Sunday, March 8, 2015
Napster, 1999, and FUZZ45 Bedroom Band or Prank and 15 Seconds of Fame
Recently a ghost of sorts from my past resurfaced as someone on Instagram asked me, "Is this FUZZ45 Robb?" Quite frankly, I took a couple of hours to answer as the whole FUZZ45 thing hovered in my past like something between a true musical project and a prank. In 1999, the same year that Shawn Fanning, John Fanning and Sean Parker released Napster, the peer to peer sharing platform were MP3 files were easily traded I started doing bedroom recordings at my best friend Mark Dicken's house in Whittier, California. It was nothing well conceived but directly inspired by Napster and the ability to put out your own music and get instant feedback. I had been in real bands well over a decade earlier, had sold my gear, guitars, drum kits and all and only owned a crappola guitar purchased from a garage sale.
I had fully given up playing and writing and was pulled and or pushed by Mark into getting back into music. I went kicking and screaming. The whole band thing had left me battle scarred. For me writing songs had been more like therapy sessions than fun and my control freak nature cause the entire recording process to be super stressful. This time around there were no band members to contend with except Marco, no deadlines or preparing for gigs. Just putting your music out for the world to hear or not.
I purchased an old version of Cakewalk (recording software) from a Fullerton College student, Marco had guitars, my brother had a proto Phantom bass and we had a Roland Tr505. The calendar was soon going to flip into the 2000's soon so FUZZ45 was officially born on October 1999. Of course, recording at home was nothing new and it was being replicated in thousands and thousands of bedrooms and garages across the country, across the world. It just so happened that it was becoming easier to publish your songs.
While FUZZ45 was strictly a social thing, a way to have fun and be creative with my buddy Marco I also wanted to construct a fictional band. I don't know why. At the time, I thought making people think their were 4 players instead of two or one would be more interesting. I thought it would make FUZZ45 more legitimate in a way. Looking back it was just stupid but that is how I framed it at the time. On line, the band was Robb Donker on guitar and vocals, Mark Dickens on lead guitar, Sandra Van Horst on Bass and Al Dib on Drums in reality, Marco was primarily the lead player on all the songs that I didn't solo record. He also played bass on a song called Lotus. I played guitar, bass and sounds courtesy of the TR505. I cannot program drum machines so I tapped out the beats live. As a drummer, not playing a real kit was frustrating and the sound suffered.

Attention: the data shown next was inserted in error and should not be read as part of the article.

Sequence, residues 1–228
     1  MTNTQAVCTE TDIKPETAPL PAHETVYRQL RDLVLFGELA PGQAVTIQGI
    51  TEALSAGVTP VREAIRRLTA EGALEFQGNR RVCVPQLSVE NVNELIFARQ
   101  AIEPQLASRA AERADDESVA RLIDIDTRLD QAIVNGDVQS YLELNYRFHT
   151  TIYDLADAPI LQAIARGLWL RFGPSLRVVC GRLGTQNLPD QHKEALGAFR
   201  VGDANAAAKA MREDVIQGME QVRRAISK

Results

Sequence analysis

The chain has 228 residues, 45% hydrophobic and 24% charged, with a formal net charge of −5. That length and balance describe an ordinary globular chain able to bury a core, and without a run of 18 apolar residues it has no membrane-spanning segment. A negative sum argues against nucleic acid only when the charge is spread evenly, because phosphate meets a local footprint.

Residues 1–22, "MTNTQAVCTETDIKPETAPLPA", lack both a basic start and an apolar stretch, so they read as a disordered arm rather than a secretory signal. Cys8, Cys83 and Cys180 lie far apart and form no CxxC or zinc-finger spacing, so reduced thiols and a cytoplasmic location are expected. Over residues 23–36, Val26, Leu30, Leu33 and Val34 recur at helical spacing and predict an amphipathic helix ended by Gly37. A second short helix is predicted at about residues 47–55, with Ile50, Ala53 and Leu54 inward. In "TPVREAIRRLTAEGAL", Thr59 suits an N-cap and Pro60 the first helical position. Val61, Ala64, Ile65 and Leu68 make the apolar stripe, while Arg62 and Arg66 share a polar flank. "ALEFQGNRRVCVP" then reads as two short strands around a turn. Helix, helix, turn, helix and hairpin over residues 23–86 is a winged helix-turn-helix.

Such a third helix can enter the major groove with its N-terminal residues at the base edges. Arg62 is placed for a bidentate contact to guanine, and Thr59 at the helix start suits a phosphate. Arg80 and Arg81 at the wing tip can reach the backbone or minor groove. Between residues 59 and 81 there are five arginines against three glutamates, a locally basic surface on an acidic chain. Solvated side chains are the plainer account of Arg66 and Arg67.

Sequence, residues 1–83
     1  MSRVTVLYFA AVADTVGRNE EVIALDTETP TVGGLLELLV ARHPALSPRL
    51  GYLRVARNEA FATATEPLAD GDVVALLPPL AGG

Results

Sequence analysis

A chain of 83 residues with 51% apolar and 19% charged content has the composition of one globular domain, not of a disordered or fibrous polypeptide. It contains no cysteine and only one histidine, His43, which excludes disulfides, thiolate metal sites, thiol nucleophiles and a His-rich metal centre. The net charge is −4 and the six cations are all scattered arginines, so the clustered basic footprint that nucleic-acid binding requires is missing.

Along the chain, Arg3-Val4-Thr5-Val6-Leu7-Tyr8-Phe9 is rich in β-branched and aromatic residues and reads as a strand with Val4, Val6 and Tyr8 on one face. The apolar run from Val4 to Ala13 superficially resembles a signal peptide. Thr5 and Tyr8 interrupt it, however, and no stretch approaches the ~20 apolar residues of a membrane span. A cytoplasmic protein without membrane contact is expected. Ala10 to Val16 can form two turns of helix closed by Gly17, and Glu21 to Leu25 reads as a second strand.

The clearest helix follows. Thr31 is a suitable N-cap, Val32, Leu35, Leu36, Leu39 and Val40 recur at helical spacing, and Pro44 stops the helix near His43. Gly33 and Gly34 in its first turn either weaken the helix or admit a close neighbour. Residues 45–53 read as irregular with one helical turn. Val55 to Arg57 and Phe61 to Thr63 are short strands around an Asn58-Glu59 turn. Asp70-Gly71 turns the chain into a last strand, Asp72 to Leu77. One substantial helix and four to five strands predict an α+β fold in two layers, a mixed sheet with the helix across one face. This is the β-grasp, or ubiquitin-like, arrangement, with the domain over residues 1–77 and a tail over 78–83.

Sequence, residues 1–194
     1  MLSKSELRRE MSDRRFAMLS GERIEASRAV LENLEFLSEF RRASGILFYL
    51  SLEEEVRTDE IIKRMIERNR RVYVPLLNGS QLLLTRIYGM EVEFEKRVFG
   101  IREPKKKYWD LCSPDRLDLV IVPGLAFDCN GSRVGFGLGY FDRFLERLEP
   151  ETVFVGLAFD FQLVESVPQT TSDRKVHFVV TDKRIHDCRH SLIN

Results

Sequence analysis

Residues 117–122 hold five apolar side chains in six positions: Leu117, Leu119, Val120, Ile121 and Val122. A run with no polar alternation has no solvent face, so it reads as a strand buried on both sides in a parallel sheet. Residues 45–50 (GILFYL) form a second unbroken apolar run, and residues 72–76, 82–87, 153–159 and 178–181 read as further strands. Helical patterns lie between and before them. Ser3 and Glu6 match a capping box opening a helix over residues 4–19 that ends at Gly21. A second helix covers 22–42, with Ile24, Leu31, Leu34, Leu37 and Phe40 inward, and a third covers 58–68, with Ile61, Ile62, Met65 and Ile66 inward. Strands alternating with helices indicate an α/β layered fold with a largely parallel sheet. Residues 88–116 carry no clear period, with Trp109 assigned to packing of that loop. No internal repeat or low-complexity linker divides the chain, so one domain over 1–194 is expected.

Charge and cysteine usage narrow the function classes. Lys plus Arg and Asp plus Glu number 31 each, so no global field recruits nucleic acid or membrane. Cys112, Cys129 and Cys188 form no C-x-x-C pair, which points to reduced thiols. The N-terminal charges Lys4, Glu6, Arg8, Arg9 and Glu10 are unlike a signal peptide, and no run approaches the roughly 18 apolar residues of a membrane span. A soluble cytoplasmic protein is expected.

On Napster, FUZZ45 did have a loyal following albeit a very small one. It was, in some way, rewarding to hear feedback from those who liked the songs. I haven't listened to some of the songs for years and, in fact, it was difficult for me to locate the songs at all. I found some on lline on the Internet Archive and eventually found them on an old external hard drive. Listening back, some of the songs are, to me, pretty cool, some are ok and some are downright horrible. For anyone making music in a solo sort of way, or with friends as recording projects it is, in the end, not really important whether the songs achieve some sort of notoriety on line or not. I used to think that it was important if the songs became big or sold or whatever but the older I get I think the important part of doing bedroom recordings is the process of doing it. It is about the laughs, sharing drinks and each others company, achieving that sound you wanted to achieve or that exact feeling you felt. It is that text or email or Instagram message from a stranger who love "that" song. It is the journey not the final destination and it is, of course, the memories.
NOTES: I went ahead and posted a few FUZZ45 songs, I may post up more over time.